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A wonderful early Warren E. Rollins Southwestern genre painting, “Pueblo Woman

at a Spring”, oil on canvas, c. 1905-1907

Southwestern paintings don’t get much more archetypal than this bucolic scene of a Pueblo or Navajo Indian woman peacefully seated with her large pottery jar at a desert spring. Everything about this painting is absolutely terrific beginning with the lovely, harmonious composition, the saturated Southwestern color palette, the sunlit desert sands, clear blue sky, rare refreshing water and cool restful shade. It’s a timeless and totally romantic evocation of a classic Southwestern scene. You get the picture.

Warren Eliphalet (W.E.) Rollins (1861-1962) is euphemistically known today as “The Dean of the Santa Fe art colony" which means essentially that he was the first academically-trained artist in the door here and he mounted the first-ever formal art exhibition here with the permission of the Territorial Governor. Rollins also had the best primo studio location in town, in the old historic 17th Century Palace of the Governors smack dab in the center of the Santa Fe Plaza. Before he arrived in Santa Fe to live around 1909, Rollins was a highly-celebrated California painter who had spent years traveling extensively throughout the desert Southwest living for months at a time among the Navajo and Pueblo people painting them and their surrounding desert landscape. We think it’s very likely that this painting was done during that very early period, around 1905 to 1907.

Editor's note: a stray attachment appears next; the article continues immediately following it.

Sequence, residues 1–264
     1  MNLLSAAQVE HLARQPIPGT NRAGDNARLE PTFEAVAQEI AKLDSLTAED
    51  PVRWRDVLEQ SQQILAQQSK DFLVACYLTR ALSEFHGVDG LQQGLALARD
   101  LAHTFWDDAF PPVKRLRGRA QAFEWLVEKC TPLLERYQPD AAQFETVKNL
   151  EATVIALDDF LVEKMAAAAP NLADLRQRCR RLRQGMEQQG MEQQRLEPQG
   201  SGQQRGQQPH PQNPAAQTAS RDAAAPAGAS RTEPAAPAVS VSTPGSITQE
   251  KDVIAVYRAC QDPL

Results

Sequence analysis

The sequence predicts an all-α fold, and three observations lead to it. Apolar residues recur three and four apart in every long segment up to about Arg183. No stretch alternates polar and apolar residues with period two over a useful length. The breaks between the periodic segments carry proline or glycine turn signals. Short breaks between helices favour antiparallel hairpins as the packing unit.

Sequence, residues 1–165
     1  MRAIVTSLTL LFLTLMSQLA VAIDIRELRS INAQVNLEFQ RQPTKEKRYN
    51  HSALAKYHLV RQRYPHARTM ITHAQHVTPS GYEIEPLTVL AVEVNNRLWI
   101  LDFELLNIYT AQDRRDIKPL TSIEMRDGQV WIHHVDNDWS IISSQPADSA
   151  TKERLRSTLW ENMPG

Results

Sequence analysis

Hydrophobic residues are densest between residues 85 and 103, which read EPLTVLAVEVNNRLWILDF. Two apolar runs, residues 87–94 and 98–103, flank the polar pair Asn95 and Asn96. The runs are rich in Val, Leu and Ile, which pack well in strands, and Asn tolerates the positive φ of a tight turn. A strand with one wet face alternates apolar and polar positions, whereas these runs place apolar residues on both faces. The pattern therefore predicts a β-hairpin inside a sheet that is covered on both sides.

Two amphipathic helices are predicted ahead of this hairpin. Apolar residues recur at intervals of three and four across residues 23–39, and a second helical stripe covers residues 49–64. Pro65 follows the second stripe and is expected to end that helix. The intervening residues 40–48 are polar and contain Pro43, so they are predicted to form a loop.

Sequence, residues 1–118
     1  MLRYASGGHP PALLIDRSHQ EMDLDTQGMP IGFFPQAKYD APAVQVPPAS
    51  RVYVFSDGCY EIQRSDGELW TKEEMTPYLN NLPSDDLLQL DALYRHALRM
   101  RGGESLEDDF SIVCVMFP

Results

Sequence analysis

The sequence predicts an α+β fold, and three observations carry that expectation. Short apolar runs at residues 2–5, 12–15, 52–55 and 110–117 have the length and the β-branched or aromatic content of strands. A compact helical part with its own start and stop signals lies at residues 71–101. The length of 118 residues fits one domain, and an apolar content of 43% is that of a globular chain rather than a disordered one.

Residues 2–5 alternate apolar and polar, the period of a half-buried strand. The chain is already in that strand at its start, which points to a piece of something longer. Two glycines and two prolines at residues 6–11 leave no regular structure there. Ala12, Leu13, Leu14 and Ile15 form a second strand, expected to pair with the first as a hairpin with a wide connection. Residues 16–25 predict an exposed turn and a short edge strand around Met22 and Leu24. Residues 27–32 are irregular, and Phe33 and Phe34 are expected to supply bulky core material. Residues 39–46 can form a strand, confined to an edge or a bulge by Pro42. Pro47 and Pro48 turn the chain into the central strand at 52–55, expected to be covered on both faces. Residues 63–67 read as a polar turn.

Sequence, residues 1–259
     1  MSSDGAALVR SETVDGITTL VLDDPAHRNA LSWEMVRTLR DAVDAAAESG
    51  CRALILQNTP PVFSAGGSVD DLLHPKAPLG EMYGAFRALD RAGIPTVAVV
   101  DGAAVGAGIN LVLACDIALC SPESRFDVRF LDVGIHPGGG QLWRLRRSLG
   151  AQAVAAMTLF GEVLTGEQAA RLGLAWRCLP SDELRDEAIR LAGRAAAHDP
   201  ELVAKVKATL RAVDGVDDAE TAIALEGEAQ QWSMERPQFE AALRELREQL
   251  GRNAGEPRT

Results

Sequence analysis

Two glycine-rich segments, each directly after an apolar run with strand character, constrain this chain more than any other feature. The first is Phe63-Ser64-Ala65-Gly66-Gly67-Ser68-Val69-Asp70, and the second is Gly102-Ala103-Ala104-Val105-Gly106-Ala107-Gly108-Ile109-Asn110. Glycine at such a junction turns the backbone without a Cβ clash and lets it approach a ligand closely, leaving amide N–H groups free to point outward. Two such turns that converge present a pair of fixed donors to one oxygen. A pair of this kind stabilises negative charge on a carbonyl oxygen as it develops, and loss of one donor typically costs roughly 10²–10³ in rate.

The "Dean" of the Santa Fe Art Colony,

Warren Eliphalet Rollins, c. 1910

Photo source and © warrenerollins.com

Warren E. Rollins teaching students in his art studio in Santa Fe’s Palace of the Governors, c. 1910

Photo source and © Palace of the Governors (MNM/DCA) Negative no: 019314

The painting is done in oil on canvas and it measures 15” in height and 13” in width (sight size). The framed dimensions are 21” in height and 19” in width. We recently had the painting beautifully framed in a perfectly hand-carved 22K gold leaf gilded early 20th Century period-type Newcomb-Macklin Company-style frame by Goldleaf Framemakers of Santa Fe, Santa Fe’s finest fine art framers. This lovely frame is essentially a work

of art in its own right and it forms the the perfect presentation stage for this stunning painting. The painting

is in remarkable, nearly pristine original condition particularly for its 115 or so years of age. There is no restoration or re-lining on the painting and only one tiny speck the size of a pinhead of inpainting at the upper left. The painting is properly and attractively signed "W.E. Rollins" at the lower right in the artist's characteristic signature and there is an old pencil inscription on the top stretcher bar which reads "Wheeler

Rug Co.", presumably the name of a previous owner, but we could find no further information on this.

This painting is good enough and beautiful enough to hang in any collection of fine Western paintings anywhere, from Santa Fe to New York to Paris to Tokyo to Dubai. Classic American Western Art featuring Native American subjects has become a nearly universal vernacular the world over and this painting is a perfect expression of it.


Fine Arts of the Southwest, Santa Fe, NM

The Owings Gallery, Santa Fe, NM

Private Collection

Coeur D’Alene Art Auction, Reno, NV

Bennett Family Collection, Agoura, CA

Price available upon request